In collaboration with the United States Embassy in Jerusalem, HUJI hosted a special event this week to discuss Antisemitism in the Modern World. The event has been hosted by Ambassador Yossi Gal, Vice President of the Hebrew University of Jerusalem, with distinguished guests including U.S. Ambassador to Israel – Thomas R. Nides; Israel’s Minister of Diaspora Affairs – Nachman Shai; Ambassador Deborah Lipstadt, and Israel's Special Envoy for Combating Antisemitism and Delegitimization – Noa Tishby, who spoke about Antisemitism in the Network.
On the heels of a landmark trip to Saudi Arabia, the newly sworn-in United States special envoy to monitor and combat antisemitism, Prof. Deborah Lipstadt, said Tuesday at Jerusalem’s Hebrew University that “there is a change afoot in this region.”
She made her comments at the forum “New Tools in Combating Contemporary Antisemitism,” which was jointly held by the US Embassy in Jerusalem, Israel’s Foreign Ministry, the Hebrew University in Jerusalem and the Diaspora Ministry.
“For too many decades, the kingdom of Saudi Arabia was a great exporter of Jew-hatred, but what I found is something quite different, something that has changed there dramatically in the last few years,” Lipstadt said, noting that the kingdom has also begun to implement changes in religious laws and the position of women in the country. “I met with the heads and staffs of embassies focused on combating violent extremism, focused on interfaith dialogue, including the Muslim World League, whose secretary-general visited Auschwitz in 2020,” Lipstadt said. “We heard from a number of people who seemed willing to divide between the geopolitical crisis as it stands here in Israel vis-à-vis the Palestinians and the fact that antisemitism is something separate and apart.
“These are important first steps. There was a clear willingness to continue this conversation. There is room to move things forward.”
Among the panelists at the forum were US Ambassador to Israel Thomas Nides, Israeli Diaspora Affairs Minister Nachman Shai, and CEO and national director of the Anti-Defamation League Jonathan Greenblatt. The forum was moderated by Hebrew University vice president and former Israeli ambassador Yossi Gal.
US Ambassador to Israel Thomas Nides, left, shakes hands with ADL CEO Jonathan Greenblatt at the New Tools in Combating Contemporary Antisemitism forum at the Hebrew University of Jerusalem, July 5, 2022. (Yaakov Schwartz/ Times of Israel)
Lipstadt spoke about the qualities of antisemitism that set it apart from other forms of racism and prejudice. She cited antisemitism’s ubiquity, its appearance on both the right and the left, and the conspiracy theory that Jews are using their wealth and knowledge to control the world.
Speaking a day after a shooter killed six people and wounded dozens more at an Independence Day parade in the highly Jewish Chicago suburb of Highland Park, Lipstadt recalled the manifesto of the perpetrator of the May 14 massacre in Buffalo, New York, which specifically targeted Black people.
“He was very clear — he wanted to kill as many Black people as he could. Black people were a danger, they were a danger to white society,” Lipstadt said. “But he believed that behind the efforts to destroy white society were Jews. He described them as ‘demons, the biggest problem the Western world has ever had. They have to be killed, and if they are lucky, to be exiled. We cannot show them any sympathy, they have to go back to the hell from where they came.’”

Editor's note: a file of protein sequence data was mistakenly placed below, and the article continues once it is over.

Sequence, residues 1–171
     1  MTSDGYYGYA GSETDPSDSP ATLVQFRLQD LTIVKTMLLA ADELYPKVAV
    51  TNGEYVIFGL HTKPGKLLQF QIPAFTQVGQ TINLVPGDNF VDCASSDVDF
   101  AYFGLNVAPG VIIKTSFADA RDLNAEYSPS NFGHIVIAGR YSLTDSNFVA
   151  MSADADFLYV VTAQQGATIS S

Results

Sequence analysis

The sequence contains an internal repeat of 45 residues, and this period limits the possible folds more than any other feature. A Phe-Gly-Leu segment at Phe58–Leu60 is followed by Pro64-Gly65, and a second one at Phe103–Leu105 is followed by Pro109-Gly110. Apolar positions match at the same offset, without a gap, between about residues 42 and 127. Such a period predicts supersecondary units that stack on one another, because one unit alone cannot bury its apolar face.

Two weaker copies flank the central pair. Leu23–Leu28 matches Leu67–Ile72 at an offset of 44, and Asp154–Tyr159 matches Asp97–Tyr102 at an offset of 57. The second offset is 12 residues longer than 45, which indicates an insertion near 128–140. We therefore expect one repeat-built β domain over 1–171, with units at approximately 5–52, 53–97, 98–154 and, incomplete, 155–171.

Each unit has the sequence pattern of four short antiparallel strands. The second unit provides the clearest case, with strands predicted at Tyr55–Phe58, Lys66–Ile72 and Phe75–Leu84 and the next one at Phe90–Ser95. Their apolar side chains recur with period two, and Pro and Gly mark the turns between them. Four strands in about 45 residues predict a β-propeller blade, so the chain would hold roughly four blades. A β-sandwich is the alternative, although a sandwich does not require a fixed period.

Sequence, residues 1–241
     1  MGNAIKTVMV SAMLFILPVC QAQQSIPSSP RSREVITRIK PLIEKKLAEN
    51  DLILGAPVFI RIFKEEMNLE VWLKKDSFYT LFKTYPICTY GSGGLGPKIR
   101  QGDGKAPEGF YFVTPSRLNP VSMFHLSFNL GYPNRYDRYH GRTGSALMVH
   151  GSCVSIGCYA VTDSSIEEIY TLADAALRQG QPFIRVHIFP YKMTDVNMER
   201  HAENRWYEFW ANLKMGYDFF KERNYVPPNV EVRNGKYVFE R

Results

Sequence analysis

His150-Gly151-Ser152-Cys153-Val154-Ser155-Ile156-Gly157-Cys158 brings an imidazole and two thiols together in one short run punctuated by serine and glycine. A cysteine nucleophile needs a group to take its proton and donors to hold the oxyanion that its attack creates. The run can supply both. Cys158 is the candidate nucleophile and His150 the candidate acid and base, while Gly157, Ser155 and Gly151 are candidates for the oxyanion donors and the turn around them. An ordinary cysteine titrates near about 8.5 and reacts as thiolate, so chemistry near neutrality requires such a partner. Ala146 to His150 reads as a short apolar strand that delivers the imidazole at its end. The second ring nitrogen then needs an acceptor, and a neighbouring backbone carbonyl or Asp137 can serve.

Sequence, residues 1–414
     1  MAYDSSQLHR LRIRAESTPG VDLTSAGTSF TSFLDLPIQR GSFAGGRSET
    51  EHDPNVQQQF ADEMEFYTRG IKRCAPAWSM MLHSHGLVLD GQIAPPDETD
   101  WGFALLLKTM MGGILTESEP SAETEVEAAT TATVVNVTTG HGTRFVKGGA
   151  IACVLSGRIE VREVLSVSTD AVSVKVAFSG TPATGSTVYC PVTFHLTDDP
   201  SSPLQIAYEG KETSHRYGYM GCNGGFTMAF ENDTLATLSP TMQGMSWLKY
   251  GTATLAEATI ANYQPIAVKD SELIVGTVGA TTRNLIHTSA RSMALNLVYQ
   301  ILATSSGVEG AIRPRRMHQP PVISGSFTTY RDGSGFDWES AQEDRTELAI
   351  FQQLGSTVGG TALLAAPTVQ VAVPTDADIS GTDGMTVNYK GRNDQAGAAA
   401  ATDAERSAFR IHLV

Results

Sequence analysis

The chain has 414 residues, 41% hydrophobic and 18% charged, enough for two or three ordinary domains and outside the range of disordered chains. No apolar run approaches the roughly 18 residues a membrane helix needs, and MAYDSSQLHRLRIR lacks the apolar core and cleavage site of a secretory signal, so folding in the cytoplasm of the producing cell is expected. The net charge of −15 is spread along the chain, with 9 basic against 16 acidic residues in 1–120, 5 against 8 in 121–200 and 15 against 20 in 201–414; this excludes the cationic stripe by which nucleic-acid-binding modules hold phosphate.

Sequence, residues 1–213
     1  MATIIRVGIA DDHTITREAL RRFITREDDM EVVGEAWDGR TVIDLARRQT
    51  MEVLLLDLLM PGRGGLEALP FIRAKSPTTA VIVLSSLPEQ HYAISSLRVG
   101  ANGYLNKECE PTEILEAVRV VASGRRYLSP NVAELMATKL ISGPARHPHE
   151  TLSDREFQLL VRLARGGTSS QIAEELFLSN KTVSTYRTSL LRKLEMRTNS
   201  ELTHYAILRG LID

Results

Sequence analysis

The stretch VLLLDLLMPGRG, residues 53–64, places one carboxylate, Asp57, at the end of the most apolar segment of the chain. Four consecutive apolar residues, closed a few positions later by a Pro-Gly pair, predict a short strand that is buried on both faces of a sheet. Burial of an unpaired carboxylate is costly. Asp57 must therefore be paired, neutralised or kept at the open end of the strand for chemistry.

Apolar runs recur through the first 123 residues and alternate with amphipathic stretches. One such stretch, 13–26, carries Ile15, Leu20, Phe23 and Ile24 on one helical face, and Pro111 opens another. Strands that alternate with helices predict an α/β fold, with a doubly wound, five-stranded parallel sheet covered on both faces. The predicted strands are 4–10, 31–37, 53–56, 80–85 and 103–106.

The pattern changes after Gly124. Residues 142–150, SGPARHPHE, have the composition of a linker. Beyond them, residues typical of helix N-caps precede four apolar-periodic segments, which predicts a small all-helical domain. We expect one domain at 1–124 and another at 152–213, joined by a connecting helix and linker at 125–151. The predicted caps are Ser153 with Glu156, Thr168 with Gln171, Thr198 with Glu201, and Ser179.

The Foreign Ministry has said that it has received information about Jewish casualties in Monday’s mass shooting north of Chicago, one of whom was identified as a synagogue staffer.
The rabbi of a Chabad Hasidic congregation near the shooting in Chicago’s Highland Park neighborhood said the alleged shooter attempted to enter his synagogue during the Passover holiday several months ago but was told to leave.
At the forum in Jerusalem, Nides said, “None of us would disagree that antisemitism is on the rise. You can’t open a newspaper or look at social media and hear about the violence that takes place and not believe it to be true. We’re doing our best, but our best is not enough.”
Repeating Lipstadt’s statement that antisemitism seeps in from all corners of society and across the political spectrum, Greenblatt said, “Something has changed in the US and around the world. In 2021, the ADL recorded the highest number of antisemitic incidents we’ve ever seen in American history — 2,717 acts, a 34 percent increase over the prior year… The number last year was almost triple that of 2015.”
Greenblatt noted that over 100 white supremacists from a group called the Patriot Front marched on July 4 in front of the state house in Boston, Massachusetts, while just weeks before, an anonymous “mapping project” published details of Boston-area Jewish institutions, calling them part of the “Zionist empire of oppression.”
The website, run by self-described “activists,” said that “every network has an address, every address can be disrupted, every organization can be dismantled.”
“Who do they blame, who do they make this slander against? The Jewish Community Center of Boston, the Jewish day school, the synagogues. How does this happen that you blame the synagogues for the devastation and ‘colonization’? It’s because for years, we’ve seen this in some elements of the anti-Israel community. Anti-Israeli NGOs in the US have been saying this kind of thing for years, with no one stopping them, no one protesting them,” Greenblatt said.
He said the ADL is cooperating with the FBI to find out who is behind the project and to take the perpetrators to court for incitement and slander.
Lipstadt added that the mapping project “has brought something out from behind the scenes and made it very clear what is there.”
“It highlighted the problem in a way that 1,000 speeches and seminars could never do,” said Lipstadt.